When an impurity like arsenic is added to germanium it will change the germanium crystal lattice in such a way as to leave one electron relatively free in the crystal structure. Because this type of material conducts by electron movement, it is called a negative carrier (N-type) semiconductor.

Pure germanium may be converted into an N-type semiconductor by doping it with a donor impurity consisting of any element containing five electrons in its outer shell. The amount of the impurity added is very small.

An impurity element can also be added to pure germanium to dope the material so as to leave one electron lacking in the crystal lattice, thereby creating a hole in the lattice. Because this semiconductor material conducts by the movement of holes which are positive charges, it is called a positive carrier (P-type) semiconductor.

When an electron fills a hole, the hole appears to move to the spot previously occupied by the electron. As stated previously, both holes and electrons are involved in conduction.

In N-type material the electrons are the majority carriers and holes are the minority carriers. In P-type material the holes are the majority carriers and the electrons are the minority carriers.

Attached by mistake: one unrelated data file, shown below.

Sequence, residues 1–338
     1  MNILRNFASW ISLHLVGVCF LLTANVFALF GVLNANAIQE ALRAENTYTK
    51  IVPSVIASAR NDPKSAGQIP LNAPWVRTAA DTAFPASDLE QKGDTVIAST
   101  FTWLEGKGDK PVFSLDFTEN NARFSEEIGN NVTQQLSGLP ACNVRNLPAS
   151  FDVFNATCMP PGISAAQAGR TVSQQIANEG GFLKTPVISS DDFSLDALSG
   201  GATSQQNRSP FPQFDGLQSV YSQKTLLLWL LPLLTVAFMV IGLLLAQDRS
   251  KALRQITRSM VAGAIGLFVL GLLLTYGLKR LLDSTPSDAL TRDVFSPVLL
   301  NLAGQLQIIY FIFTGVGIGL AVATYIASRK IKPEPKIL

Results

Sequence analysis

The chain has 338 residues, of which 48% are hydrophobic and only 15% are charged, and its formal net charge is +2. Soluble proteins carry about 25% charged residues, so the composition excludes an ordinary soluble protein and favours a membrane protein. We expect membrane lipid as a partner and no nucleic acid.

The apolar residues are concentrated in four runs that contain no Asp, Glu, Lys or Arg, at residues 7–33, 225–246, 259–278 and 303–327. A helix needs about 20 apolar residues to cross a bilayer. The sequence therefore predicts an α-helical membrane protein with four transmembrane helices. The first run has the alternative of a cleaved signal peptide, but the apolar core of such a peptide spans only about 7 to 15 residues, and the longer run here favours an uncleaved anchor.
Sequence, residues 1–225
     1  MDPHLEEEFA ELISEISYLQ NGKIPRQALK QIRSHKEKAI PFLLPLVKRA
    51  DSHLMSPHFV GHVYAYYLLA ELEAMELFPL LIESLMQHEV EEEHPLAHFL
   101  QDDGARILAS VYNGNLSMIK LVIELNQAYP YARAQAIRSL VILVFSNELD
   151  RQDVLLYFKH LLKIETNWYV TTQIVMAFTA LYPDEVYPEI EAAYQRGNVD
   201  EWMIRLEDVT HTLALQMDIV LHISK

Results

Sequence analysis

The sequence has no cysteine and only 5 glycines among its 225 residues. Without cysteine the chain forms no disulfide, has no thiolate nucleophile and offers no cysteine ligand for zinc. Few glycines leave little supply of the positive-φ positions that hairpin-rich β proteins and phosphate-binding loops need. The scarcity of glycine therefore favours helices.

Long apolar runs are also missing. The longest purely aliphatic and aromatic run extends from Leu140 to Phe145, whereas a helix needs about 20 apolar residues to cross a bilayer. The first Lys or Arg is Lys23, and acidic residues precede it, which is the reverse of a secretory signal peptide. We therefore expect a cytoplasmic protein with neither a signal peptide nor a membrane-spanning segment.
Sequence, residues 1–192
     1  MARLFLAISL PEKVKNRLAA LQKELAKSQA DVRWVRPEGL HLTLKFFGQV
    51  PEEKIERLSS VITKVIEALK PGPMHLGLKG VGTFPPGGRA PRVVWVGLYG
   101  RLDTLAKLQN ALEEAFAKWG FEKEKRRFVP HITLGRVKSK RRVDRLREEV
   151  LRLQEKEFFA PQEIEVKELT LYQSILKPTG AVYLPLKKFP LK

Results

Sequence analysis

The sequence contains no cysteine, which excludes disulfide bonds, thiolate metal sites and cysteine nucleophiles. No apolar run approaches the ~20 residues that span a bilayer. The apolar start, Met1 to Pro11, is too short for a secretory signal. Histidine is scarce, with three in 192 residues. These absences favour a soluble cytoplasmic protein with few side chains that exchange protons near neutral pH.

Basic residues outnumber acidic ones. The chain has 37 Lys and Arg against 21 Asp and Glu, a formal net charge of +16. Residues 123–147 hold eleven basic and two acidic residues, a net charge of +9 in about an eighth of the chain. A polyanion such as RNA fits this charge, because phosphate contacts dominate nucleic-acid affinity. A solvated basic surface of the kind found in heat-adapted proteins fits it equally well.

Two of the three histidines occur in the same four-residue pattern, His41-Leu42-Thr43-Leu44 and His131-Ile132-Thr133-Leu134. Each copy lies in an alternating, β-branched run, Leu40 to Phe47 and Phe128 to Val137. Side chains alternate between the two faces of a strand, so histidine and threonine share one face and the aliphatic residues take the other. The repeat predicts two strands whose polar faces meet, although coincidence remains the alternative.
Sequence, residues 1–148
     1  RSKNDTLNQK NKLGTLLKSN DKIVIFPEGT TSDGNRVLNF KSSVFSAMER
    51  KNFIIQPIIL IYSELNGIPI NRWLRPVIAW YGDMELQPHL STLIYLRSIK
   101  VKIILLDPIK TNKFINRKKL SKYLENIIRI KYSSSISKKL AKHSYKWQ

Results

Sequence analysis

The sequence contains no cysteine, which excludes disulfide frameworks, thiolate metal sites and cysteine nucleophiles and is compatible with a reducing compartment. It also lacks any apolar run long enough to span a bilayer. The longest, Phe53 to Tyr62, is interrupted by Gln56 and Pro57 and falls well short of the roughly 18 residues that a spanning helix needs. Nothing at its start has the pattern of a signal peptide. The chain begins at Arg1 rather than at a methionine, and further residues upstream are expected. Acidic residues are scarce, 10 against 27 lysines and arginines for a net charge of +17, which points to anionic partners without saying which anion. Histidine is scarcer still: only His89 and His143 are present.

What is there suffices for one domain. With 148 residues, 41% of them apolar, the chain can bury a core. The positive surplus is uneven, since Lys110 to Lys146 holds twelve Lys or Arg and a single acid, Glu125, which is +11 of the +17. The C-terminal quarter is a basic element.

Conduction in this type of semiconductor is similar to conduction in a copper conductor. That is, an application of voltage across the material will cause the loosely bound electron to be released from the impurity atom and move toward the positive potential point.

In current flow through a P-type material, conduction in this material is by positive carrier (holes) from the positive to the negative terminal. Electrons from the negative terminal cancel holes in the vicinity of the terminal, while, at the positive terminal, electrons are being removed from the crystal lattice, thus creating new holes.

The new holes then move toward the negative terminal (the electrons shifting to the positive terminal) and are canceled by more electrons emitted into the material from the negative terminal. This process continues as a steady stream of holes (hole current) move toward the negative terminal.

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